By Neil Keefe
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May 1, 2007: The day Phil Hughes should have no-hit the Texas Rangers. But he didn’t. Instead he left the Arlington mound after hearing his hamstring pop, leaving me devastated for our (yes “our”) supposed future ace and wondering if the Rangers would have gotten a hit off him that day the way I wonder what would have happened to Crisp if HBO didn’t pull the plug early on How To Make It In America. That wouldn’t be the last time I would wonder about what Phil Hughes could do.
It’s May 7, 2012 and I’m still wondering about Phil Hughes. It’s been five years and six days days since he looked like he might be the first real front-end starter developed during the Brian Cashman era, and I still don’t know who Phil Hughes is, or what he is, or where he belongs on the Yankees’ pitching staff.
Hughes’ career can be broken down into 12 defining moments.
1. Major League Debut
Entering 2007, Brian Cashman hinted that Hughes was probably a year away from starting in the majors. But what Cashman didn’t realize is that he went in 2007 with 40 percent of his rotation consisting of Carl Pavano (the Opening Day starter due to injuries!) and Kei Igawa. Injuries mounted in April and after giving Chase Wright an opportunity in the majors that I was forced to watch at Fenway Park, Cashman had no choice but to call up Hughes to start on April 26. Hughes lasted just 4 1/3 innings, giving up seven hits and four earned runs on 91 pitches.
2. Near No-Hitter
I still remember this game like it was yesterday. 6.1 IP, 0 H, 0 R, 0 ER, 3 BB, 6 K. Hughes had struck out five and walked one his debut, and now he had 11 Ks in 10 2/3 innings of work.
3. Return from Hamstring
Hughes returned from the disabled list on Aug. 4. He made 11 more starts in 2007 going 4-2 with a 4.65 ERA after the near no-hitter.
4. Game 4 of the 2007 ALDS
George Steinbrenner told Ian O’Connor that Joe Torre’s job was in trouble with the Yankees trailing 2-0 in the ALDS to the Indians, and Roger Clemens couldn’t grind through his last major league start, leaving the Yankee Stadium mound trailing 3-1 in an elimination game. I sat in the right field bleachers sensing the season coming to an end thanks to Chien-Ming Wang in Game 1 and the midges in the Game 2 (the next night I could add Wang to the list again along with Paul Byrd). But Hughes came in and pitched 3 2/3 scoreless innings and Johnny Damon hit a three-run home run off Jake Westbrook in the fifth inning and the Yankees staved off elimination for 24 hours.
5. 2008 Injuries
Hughes was given a rotation spot in spring training along with Ian Kennedy and the two were a disaster. Here’s Hughes’ line from his five starts in April 2008: 0-4, 22 IP, 34 H, 23 R, 22 ER, 13 BB, 13 K, 2 HR, 9.00 ERA, 2.136 WHIP. Injuries knocked him out from April 29 until Sept. 17 and he made two starts in September allowing just three earned runs in 12 innings. (Hughes also changed his number from 65 to 34 before changing it back to 65. I attribute his struggles to the number change.)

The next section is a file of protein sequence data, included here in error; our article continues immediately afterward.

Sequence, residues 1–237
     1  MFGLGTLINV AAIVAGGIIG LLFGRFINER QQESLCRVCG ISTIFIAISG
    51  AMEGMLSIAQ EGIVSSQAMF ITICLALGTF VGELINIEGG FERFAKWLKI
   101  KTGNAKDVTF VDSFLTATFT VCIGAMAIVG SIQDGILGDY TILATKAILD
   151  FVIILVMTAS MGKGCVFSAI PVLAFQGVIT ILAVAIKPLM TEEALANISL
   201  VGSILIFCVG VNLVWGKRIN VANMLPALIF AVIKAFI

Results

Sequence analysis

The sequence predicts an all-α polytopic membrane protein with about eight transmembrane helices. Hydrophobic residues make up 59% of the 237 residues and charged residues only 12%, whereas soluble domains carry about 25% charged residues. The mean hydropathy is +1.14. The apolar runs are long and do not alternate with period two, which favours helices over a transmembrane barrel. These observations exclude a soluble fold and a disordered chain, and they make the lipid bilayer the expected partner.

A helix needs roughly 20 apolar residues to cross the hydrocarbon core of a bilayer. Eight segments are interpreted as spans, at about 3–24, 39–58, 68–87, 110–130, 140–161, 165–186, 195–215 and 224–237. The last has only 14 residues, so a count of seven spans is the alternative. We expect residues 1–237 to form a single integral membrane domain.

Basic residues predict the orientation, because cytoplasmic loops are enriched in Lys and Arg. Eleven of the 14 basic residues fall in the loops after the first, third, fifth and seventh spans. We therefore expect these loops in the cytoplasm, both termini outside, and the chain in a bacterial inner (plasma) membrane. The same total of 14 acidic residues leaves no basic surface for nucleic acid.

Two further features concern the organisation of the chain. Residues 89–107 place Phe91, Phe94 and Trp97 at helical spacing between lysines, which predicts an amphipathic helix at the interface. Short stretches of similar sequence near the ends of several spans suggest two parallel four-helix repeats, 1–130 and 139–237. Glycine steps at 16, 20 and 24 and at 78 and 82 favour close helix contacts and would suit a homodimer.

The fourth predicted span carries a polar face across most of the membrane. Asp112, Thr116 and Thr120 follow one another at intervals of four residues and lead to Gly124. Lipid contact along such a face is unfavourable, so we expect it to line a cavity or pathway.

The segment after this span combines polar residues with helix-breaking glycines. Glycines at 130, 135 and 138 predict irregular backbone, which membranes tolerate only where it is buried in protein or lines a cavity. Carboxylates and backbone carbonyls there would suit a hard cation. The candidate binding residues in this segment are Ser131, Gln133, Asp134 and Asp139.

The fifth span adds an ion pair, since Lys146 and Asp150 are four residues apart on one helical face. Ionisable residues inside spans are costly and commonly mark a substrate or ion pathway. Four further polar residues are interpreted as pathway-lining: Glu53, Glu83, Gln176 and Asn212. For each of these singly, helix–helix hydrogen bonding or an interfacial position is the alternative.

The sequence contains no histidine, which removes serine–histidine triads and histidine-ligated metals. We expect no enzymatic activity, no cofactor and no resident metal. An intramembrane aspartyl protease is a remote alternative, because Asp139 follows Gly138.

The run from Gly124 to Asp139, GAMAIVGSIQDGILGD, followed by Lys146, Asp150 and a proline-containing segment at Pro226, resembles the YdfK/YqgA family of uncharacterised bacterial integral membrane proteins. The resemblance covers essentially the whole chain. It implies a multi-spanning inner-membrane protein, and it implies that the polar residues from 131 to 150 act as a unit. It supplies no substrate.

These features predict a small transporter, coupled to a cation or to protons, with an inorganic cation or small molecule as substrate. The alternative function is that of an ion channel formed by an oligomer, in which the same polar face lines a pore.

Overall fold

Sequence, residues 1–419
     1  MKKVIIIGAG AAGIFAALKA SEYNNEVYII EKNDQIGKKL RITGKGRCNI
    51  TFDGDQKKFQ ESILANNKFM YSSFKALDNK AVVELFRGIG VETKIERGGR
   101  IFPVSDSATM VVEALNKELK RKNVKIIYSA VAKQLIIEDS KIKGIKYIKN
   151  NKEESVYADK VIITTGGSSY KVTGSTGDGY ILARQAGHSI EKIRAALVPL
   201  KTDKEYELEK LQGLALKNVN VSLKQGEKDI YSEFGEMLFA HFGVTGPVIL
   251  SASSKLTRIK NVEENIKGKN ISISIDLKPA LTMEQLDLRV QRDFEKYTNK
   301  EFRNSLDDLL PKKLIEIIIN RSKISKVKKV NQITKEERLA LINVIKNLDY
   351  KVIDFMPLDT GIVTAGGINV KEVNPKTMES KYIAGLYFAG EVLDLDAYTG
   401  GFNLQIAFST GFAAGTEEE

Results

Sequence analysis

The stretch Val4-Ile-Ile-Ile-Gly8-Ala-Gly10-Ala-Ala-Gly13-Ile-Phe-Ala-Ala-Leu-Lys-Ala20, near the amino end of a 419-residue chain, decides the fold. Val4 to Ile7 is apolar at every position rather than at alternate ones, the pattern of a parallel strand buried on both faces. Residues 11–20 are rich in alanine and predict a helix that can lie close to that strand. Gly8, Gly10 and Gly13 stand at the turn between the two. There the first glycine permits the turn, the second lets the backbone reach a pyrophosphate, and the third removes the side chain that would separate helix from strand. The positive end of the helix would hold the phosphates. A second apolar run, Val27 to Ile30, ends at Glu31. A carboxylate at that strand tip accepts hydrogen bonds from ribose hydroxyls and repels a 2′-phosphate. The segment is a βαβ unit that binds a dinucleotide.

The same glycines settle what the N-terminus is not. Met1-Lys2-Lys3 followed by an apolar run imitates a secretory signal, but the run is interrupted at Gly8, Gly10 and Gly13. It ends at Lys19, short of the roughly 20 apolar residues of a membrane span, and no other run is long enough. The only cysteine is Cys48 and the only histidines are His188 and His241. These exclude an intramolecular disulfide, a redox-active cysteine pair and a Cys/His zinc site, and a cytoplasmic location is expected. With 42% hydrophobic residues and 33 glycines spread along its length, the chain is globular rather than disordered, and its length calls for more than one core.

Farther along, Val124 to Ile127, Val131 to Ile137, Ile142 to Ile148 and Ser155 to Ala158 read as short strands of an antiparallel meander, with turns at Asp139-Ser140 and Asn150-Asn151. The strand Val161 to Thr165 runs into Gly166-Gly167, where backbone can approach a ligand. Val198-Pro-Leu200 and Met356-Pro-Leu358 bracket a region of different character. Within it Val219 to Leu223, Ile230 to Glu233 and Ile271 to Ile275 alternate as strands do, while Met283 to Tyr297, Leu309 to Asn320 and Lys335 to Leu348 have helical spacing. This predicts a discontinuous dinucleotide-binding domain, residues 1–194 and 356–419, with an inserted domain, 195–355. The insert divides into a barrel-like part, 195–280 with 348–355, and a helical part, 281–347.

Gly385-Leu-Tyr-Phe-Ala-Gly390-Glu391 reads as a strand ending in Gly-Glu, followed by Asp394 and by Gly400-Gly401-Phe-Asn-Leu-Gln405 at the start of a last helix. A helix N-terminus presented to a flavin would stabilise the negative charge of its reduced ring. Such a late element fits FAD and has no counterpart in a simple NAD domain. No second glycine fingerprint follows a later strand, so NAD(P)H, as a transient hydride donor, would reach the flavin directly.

6. 2009 Triple-A Callup
Hughes started 2009 in Triple-A and returned to the majors on April 28 to shut out the Tigers for six innings in Detroit. He went 3-2 with a 5.45 ERA in seven starts after getting called up.
7. Move to the Bullpen
On June 8 he came out of the bullpen for the first time against Tampa Bay and pitched a scoreless inning. Two nights later in Boston he relieved Chien-Ming Wang and gave up two earned runs in 3 2/3 innings. I was at that game and it was the last time Hughes would give up a run until July 30. Here’s Hughes’ line for the rest of 2009 after I saw him in relief at Fenway: 46.2 IP, 29 H, 7 R, 6 ER, 11 BB, 59 K, 1 HR, 1.16 ERA, 0.857 WHIP. Just wow.
8. First “Half” of 2010
Here is Hughes’ line in 13 starts from April 15 to June 19: 10-1, 82.1 IP, 68 H, 29 R, 29 ER, 25 BB, 78 K, 7 HR, 3.17 ERA, 1.130 WHIP.
9. Second “Half” of 2010
And here’s Hughes’ line in 16 starts from June 29 to Sept. 26: 7-7, 92 IP, 94 H, 54 R, 53 ER, 33 BB, 65 K, 18 HR, 5.18 ERA, 1.380 WHIP.
10. 2010 Postseason
Hughes erased his bad second “half” from 2010 with seven shutout innings against the Twins in Game 3 of the ALDS to clinch the series. But then in the ALCS, Hughes tried to duplicate Chien-Ming Wang’s 2007 ALDS. Here’s Hughes’ line from Game 2 and Game 6 starts in the ALCS against the Rangers: 8.2 IP, 14 H, 11 R, 11 ER, 7 BB, 6 K, 1 HR, 11.42 ERA, 2.422 WHIP.
11. Dead Arm
Hughes wanted to be even more like Wang by starting 2011 the way Wang started 2009. Here’s Hughes’ line after his first three starts to open 2011: 10.1 IP, 19 H, 16 R, 16 ER, 4 BB, 3 K, 4 HR, 13.94 ERA, 2.227 WHIP. His velocity had gone from mid-90s to mid-Freddy Garcia and after negative tests for circulatory and vascular issues he ended up on the disabled list with a “dead arm.”
12. Return from DL
Hughes returned from the disabled list on July 6, but finished the season with mixed results and was as inconsistent as ever. On July 22 he wasn’t able get through five innings for an easy win after the offense had given him a 14-2 lead. He was skipped over for a postseason start and the Yankees’ postseason rotation became CC Sabathia, Ivan Nova, Freddy Garcia and A.J. Burnett. (Somehow I physically made it through the 2011 ALDS with that rotation though emotionally I certainly didn’t.)
The last defining moment came on July 6, 2011 when Hughes returned from the disabled list because he has been the same pitcher since his return from the disabled list last summer.